By Ryan Yousefi
By Chuck Strouse
By Terrence McCoy
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By Michael E. Miller
By Kyle Munzenrieder
By Michael E. Miller
Then she went off to Wellesley College and ran smack into the Sixties.
In many ways the radicalization of Hillary Rodham - and her brothers -traces the arc of her generation. "When Hillary went off to school, she realized there was a different way of thinking about things, a more compassionate way," Tony says. In 1968 she supported anti-war candidate Eugene McCarthy, and in 1972 campaigned for George McGovern. Along the way she met Bill Clinton, a classmate at Yale Law School and a budding politico. When Clinton decided to run for congress in his native Arkansas, Hillary, fresh from a stint on the Nixon impeachment inquiry staff, joined him, and helped lure two more volunteers.
"Me and Hugh jumped in a car, I was all of seventeen, and headed down to help Bill," recalls Tony who like his brother lives in Coral Gables. "We had no idea where Arkansas was. We just drove south until we hit a sign that said, `Welcome to Arkansas®MDNM¯.' We must have been Bill Clinton's first campaign workers. And Hillary hit Arkansas like a hurricane. She totally got that campaign in order." Though Clinton lost the election to an entrenched incumbent, he returned to politics in 1976 - this time with Hillary as his wife - and won the state gubernatorial race.
Along with Hillary, the Rodhams have worked on all the Clinton campaigns, traveling to Arkansas every four years. In South Florida, they helped anchor Clinton's convincing win, working phone banks, candidate forums, and speaking to local Democratic groups. "Most of the surrogate speakers are just that - surrogates," Hugh notes. "I think people tend to listen to Tony and I a little closer because we talk about the Bill Clinton we've known for twenty years."
The brothers Rodham have proved so effective, in fact, that Clinton campaign officials asked them to work their old stomping grounds around Chicago heading into this week's Illinois primary. A long way, some would say, from the days of nailing up Clinton signs in the rural hinterlands outside Little Rock.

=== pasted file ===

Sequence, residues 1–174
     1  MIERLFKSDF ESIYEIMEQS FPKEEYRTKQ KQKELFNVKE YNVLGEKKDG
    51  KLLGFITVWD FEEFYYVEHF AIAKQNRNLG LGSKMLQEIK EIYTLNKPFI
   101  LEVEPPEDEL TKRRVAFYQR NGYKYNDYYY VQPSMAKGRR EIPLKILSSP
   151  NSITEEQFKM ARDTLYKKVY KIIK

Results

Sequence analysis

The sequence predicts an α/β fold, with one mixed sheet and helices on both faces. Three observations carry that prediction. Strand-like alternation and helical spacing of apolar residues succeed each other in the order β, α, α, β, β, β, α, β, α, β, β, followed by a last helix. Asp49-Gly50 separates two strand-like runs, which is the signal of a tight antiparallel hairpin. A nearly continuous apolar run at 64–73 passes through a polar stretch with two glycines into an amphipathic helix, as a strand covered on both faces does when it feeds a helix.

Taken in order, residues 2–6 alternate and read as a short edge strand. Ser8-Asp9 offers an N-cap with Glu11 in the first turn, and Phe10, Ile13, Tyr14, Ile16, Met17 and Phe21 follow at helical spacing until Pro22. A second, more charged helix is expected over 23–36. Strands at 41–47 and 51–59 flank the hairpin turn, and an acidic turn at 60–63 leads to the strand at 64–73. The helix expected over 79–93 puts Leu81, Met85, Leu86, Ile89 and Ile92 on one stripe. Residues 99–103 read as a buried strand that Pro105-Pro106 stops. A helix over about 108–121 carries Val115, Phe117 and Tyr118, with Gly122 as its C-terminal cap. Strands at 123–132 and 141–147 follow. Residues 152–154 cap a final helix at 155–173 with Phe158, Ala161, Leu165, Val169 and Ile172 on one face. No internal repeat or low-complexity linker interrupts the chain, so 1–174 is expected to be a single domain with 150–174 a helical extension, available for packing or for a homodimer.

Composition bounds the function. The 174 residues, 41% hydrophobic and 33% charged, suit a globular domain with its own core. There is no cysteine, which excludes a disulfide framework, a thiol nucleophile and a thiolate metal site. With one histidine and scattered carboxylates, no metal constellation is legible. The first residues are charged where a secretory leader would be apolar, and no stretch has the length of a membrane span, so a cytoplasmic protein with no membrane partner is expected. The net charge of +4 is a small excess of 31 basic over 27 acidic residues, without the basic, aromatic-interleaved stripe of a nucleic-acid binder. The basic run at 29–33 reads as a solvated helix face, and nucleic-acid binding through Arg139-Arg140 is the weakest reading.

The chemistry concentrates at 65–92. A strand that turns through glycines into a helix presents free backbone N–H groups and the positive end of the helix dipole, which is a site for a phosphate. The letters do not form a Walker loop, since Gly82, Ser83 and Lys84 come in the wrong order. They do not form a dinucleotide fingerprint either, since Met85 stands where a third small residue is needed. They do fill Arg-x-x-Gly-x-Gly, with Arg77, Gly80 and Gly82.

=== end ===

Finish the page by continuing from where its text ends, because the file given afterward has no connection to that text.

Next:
And in some ways, not so long. On the morning of the Florida primary, for instance, Tony found himself camped on a median along U.S. 1 holding a Clinton sign, sucking down lukewarm coffee and rush-hour fumes. The youngest Rodham, five years Hillary's junior, Tony came to Miami in 1983 at his brother's bidding and eventually started his own business as a private investigator specializing in criminal defense work.
He still vividly recalls Hillary bringing home Bill Clinton from Yale to meet the family. "My first thought as a teen-ager was, `What does this guy want with my sister?' It took me about a day to drop my guard," Tony says. Since then he has been a devout Clintonite. Between honks of endorsement and the occasional jeering of Bush supporters, he recites Clinton's progressive policy statements and lauds his compassionate deeds as governor. His is an endorsement that plainly extends beyond familial responsibility.
Tony even finds an opportunity to toot the Clinton horn after witnessing a smashup between two passing cars. "See that, the foreign car got bent up and there's not a mark on the American car," he says, pointing to the accordian-shaped front end of a Toyota. "That's why Bill Clinton says to buy American."
As the Rodham children grew up, they all abandoned the conservative politics of their father, the owner of a textile company raised during the Depression. "But somehow," Hugh Rodham says, "Hillary realized early on that it was counterproductive to fight him." That battle befell him. After graduating from Penn State, he turned down a job teaching at his old high school and enlisted in the Peace Corps. Speaking not a whit of Spanish, Hugh moved to Colombia to teach physical education. "I ate beans and eggs for a month, because I didn't know how to say anything else," he says. "My father was furious."
Following his return to the States, he enrolled at the University of Arkansas, where both Hillary and Bill Clinton were law professors. Much to dad's chagrin he stayed seven years, earning a masters in education and later a law degree. Then he applied to the public defender's office in Miami. The logic was simple: "Miami had more crime than any other city." In a dozen years with the office, Hugh has worked everywhere, from juvenile court to felonies, most recently aiding in the formation of a new drug court. The three-year-old experimental court has earned approbation by routing more than 5000 drug offenders into rehab programs.
Both Rodhams pursued criminal defense work because of a devotion to helping the accused, a sentiment that flares when the allegations of infidelity dogging Bill Clinton come up. "There's not even a scintilla of evidence to support what's been said," argues Hugh, sounding every bit the lawyer. "In 1980 George Bush was accused of having a mistress, and he denied it and that was the end of it. All I had to do was look into Bill's eyes to see that the allegations are hogwash."
Though Clinton's anticipated nomination will likely bring a crush of reporters sniffing around Miami for personal details - Vanity Fair was in town two weeks ago - Hugh and Tony are determined to work behind the scenes. "We're not the stars of this thing," Hugh observes. "Bill is the candidate. He should be getting the spotlight." Still, given Hillary's reputation as the smarter and more aggressive of the two Clintons, both brothers know she is fair game in the media sharkfeed.